[0013] Therefore, there is a need for a matrix driven electrophoretic display (active and/or passive matrix) made using technology that is relatively inexpensive, does not affect resolution adversely, and is suitable for use with electrophoretic cell designs such as the microcup electrophoretic cell described above. In addition, there is a need for a matrix driven electrophoretic display in which the top surface of the bottom electrode layer is sufficiently even to provide for adequately sealing of the electrophoretic cell layer. Also, there is a need for a matrix driven electrophoretic display technology that is suitable for use with large-scale displays, and for use in a flexible plastic matrix driven electrophoretic display, including displays made using roll-to-roll production technology. Finally, there is a need to provide all of the above in a manner that does not affect display resolution and performance adversely, such as by requiring numerous conductive traces in the same layer as the electrodes to route required signals and/or potentials to the electrodes.

BRIEF DESCRIPTION OF THE DRAWINGS

[0014] The present invention will be readily understood by the following detailed description in conjunction with the accompanying drawings, wherein like reference numerals designate like structural elements, and in which:

[0015]FIG. 1 is a schematic diagram showing a side view of a typical electrophoretic display.

[0016]FIG. 2 shows an alternative design used in one embodiment to provide an active matrix electrophoretic display with a multi-layer back plane.

[0017]FIG. 3 is a schematic illustration of a cross-sectional view of a display 300 provided in one embodiment using the design illustrated in FIG. 2.

[0018]FIGS. 4A and 4B illustrate a process used in one embodiment to form pixel electrodes and/or other conductive structures on a substrate.

[0019] FIGS. 5A-5D illustrate further the process shown in FIGS. 4A and 4B.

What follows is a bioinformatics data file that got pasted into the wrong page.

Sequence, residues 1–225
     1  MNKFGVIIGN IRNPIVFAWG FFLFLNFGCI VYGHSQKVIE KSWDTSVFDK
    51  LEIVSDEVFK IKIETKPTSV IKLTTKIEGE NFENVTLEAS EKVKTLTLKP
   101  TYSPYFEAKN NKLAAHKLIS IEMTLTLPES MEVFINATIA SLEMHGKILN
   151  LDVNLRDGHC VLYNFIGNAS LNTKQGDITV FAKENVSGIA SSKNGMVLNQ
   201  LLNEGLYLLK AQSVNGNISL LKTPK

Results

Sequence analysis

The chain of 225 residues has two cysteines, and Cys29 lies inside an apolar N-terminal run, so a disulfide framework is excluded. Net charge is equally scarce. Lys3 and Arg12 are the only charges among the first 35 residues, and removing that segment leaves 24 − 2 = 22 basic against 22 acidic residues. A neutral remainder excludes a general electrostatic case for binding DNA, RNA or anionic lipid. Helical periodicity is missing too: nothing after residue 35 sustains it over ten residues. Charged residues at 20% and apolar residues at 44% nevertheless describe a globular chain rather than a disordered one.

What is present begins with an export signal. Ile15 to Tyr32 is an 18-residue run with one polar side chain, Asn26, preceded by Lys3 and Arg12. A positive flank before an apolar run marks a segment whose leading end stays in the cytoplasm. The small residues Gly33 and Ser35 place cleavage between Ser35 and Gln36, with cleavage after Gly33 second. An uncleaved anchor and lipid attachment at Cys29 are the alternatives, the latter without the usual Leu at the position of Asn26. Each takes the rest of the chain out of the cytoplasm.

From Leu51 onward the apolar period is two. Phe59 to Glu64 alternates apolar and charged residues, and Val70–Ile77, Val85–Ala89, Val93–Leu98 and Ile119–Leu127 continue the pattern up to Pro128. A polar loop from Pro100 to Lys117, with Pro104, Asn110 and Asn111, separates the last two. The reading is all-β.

[0020] FIGS. 6A-6H illustrate a process used in one embodiment to form a conductive via structure in a substrate.

[0021] FIGS. 7A-7D illustrate a process used in one embodiment to form a conductive via structure in a substrate.

[0022]FIG. 8 shows a switching component configuration used in one embodiment to provide an active matrix electrophoretic display with a multi-layer back plane.

[0023]FIG. 9 shows a cross-sectional view of a multi-layer back plane structure used in one embodiment to provide a display using the design of FIG. 8.

[0024]FIG. 10A shows an alternative design 1000 in which the transistors 828, 832, 836, and 840 of FIG. 8 have been integrated into a transistor array integrated circuit 1002.

[0025]FIG. 10B shows how the transistor array IC 1002 comprises the transistors 828, 832, 836, and 840, and how the respective connections are made to said transistors to implement the circuit design shown in FIG. 8.

[0026]FIG. 11A shows a driver integrated circuit 1102 into which the gate and source driver circuitry and associated lines, comprising gate signal lines 808 and 812, gate drivers 822 and 824, source signal lines 802 and 812 and source drivers 818 and 820, have been integrated, in addition to the transistors 828, 832, 836, and 840.

[0027]FIG. 11B shows the components integrated into the segment driver IC 1102.

[0028]FIG. 12A shows a representative portion of an electrode configuration that may be used to provide a passive matrix electrophoretic display.

[0029]FIG. 12B shows a side cross-sectional view of the electrode configuration shown in FIG. 12A, taken along row electrode 1408.

[0030]FIG. 13A shows an alternative to the design shown in FIG. 12A.

[0031]FIG. 13B shows a side cross-sectional view of the electrode configuration shown in FIG. 13A, taken along row electrode 1402.

DETAILED DESCRIPTION

[0032] A detailed description of a preferred embodiment of the invention is provided below. While the invention is described in conjunction with that preferred embodiment, it should be understood that the invention is not limited to any one embodiment. On the contrary, the scope of the invention is limited only by the appended claims and the invention encompasses numerous alternatives, modifications and equivalents. For the purpose of example, numerous specific details are set forth in the following description in order to provide a thorough understanding of the present invention. The present invention may be practiced according to the claims without some or all of these specific details. For the purpose of clarity, technical material that is known in the technical fields related to the invention has not been described in detail so that the present invention is not unnecessarily obscured.